EU ban on wild bird imports “disappointing”


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PRESS RELEASE

EU ban on wild bird imports “disappointing”

Geneva, 11 January 2007 – The Secretariat of the Convention on International Trade in Endangered Species of Wild Fauna and Flora (CITES) expressed its disappointment today at the announcement by the European Union of an indefinite ban on imports of wild birds.

The EU ban has been adopted on the grounds that it will help prevent the spread of avian flu and other diseases in human beings, but as it only concerns the import of wild birds, it risks casting the wrong impression that the international bird trade is not effectively controlled. However, this trade is carefully regulated by the 169 member countries of CITES.

The global trade in wild birds has declined from an estimated 7.5 million birds a year in 1975 (when CITES came into effect) to around 1.5 million today. By contrast, the global trade in live domestic poultry involves some 750 million birds a year; this trade, however, is not affected by the EU’s new health-related law as chicken and other poultry are not considered to be ‘birds’ under its terms.

The international trade in wild birds now consists mostly of West African finches, which are naturally abundant in their countries of origin. A recent analysis by Birdlife International showed that just 0.5% of the world’s bird species appear to be significantly threatened by international trade. Virtually all of these threatened species are subject to stringent controls by CITES. (The main threat to wild birds is habitat destruction and degradation.)

While CITES itself does impose trade bans on international trade in specimens of highly endangered species such as sea turtles and the tiger, it recognizes that bans risk creating black markets. By ending legal and tightly managed imports, the EU risks driving the market underground and making it less transparent. It also risks undermining the impoverished communities who depend on the environmentally sustainable trade in birds and removing their economic incentives for protecting bird habitat.

The expert report that prompted the new EU legislation did not address the ban’s expected impact on nature conservation in the source countries. Nevertheless, it concluded that "Some local communities in countries of origin maintain bird habitat in order that they can catch wild birds for export and derive a significant part of their income from such sales. These practices can have a beneficial effect on bird conservation, even if birds are removed from wild populations and there are bad effects on bird welfare".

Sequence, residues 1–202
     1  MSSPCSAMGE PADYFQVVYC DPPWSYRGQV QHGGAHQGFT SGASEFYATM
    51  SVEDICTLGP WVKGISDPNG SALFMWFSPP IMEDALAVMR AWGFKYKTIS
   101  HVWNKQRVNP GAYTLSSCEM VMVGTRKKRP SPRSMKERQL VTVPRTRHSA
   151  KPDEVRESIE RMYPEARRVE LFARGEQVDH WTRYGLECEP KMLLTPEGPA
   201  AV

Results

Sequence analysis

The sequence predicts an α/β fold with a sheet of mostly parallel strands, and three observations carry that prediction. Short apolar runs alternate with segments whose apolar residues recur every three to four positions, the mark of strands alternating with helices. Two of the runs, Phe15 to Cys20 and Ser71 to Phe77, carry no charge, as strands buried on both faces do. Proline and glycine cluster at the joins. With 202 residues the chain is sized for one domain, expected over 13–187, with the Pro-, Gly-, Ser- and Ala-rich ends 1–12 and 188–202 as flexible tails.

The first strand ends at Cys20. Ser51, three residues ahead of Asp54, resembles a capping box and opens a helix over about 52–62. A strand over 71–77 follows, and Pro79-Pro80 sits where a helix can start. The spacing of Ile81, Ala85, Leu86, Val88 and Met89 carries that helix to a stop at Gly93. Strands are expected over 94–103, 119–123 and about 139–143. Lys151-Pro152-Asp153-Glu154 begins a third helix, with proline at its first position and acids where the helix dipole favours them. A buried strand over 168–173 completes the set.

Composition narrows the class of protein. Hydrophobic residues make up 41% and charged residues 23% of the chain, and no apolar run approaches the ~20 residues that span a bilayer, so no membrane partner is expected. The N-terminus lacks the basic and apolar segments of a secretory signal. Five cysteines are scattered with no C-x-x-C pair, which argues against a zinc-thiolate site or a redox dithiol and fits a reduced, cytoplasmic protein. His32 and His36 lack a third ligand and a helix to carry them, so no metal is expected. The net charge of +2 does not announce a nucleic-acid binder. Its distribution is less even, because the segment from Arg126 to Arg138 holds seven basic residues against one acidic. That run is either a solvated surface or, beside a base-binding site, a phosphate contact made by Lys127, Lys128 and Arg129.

Parties to CITES have also taken measures to reduce mortality in transport. The transport standards set for live animals by the International Air Transport Association are mandatory for all CITES-approved shipments. An extensive study for CITES by the German Government revealed that mortality rates for birds during transport for international trade was just 1.36%.

CITES Secretary-General Willem Wijnstekers commented “We understand the need to combat the threat of avian influenza, but the definitive and inflexible nature of the decision appears disproportionate and risks to hamper conservation efforts in developing countries by depriving them and poor local communities of the benefits of wildlife for their livelihoods. Sustainable development is about taking decisions that fully reconcile social, economic and environmental needs”.

“It is disappointing that in this case no account appears to have been taken of the environmental impact of this measure. The risk is that it may undermine attempts to render the use of wild birds sustainable in developing countries. Instead, the emphasis should be on strictly regulated trade”, he added.

In addition to its impact on the international trade in wild birds, the new law will require bird breeders in developing countries to comply with specified terms and conditions before they can register themselves as traders to the EU of captive-bred birds.
Ironically, CITES established such a registration system for operations breeding in captivity specimens of endangered species many years ago, but the EU decided not to implement the measure. Other importing countries have also established unilateral rules for trade in captive-bred birds. Consequently, bird breeders in developing countries must now comply with several different sets of registration rules before being able to export.

"Wildlife trade controls are most likely to be effective when they are simple to implement and have been established on a cooperative, multilateral basis", commented Mr Wijnstekers.


Note to journalists:

For more information, please see www.cites.org or contact Juan Carlos Vasquez at +41 22 917 8156 or juan.vasquez@cites.org, or Michael Williams at +41 22 917 8242, +41 79 409 1528 (cell) or Michael.williams@unep.ch. A summary on German transport mortality study is available here.

 


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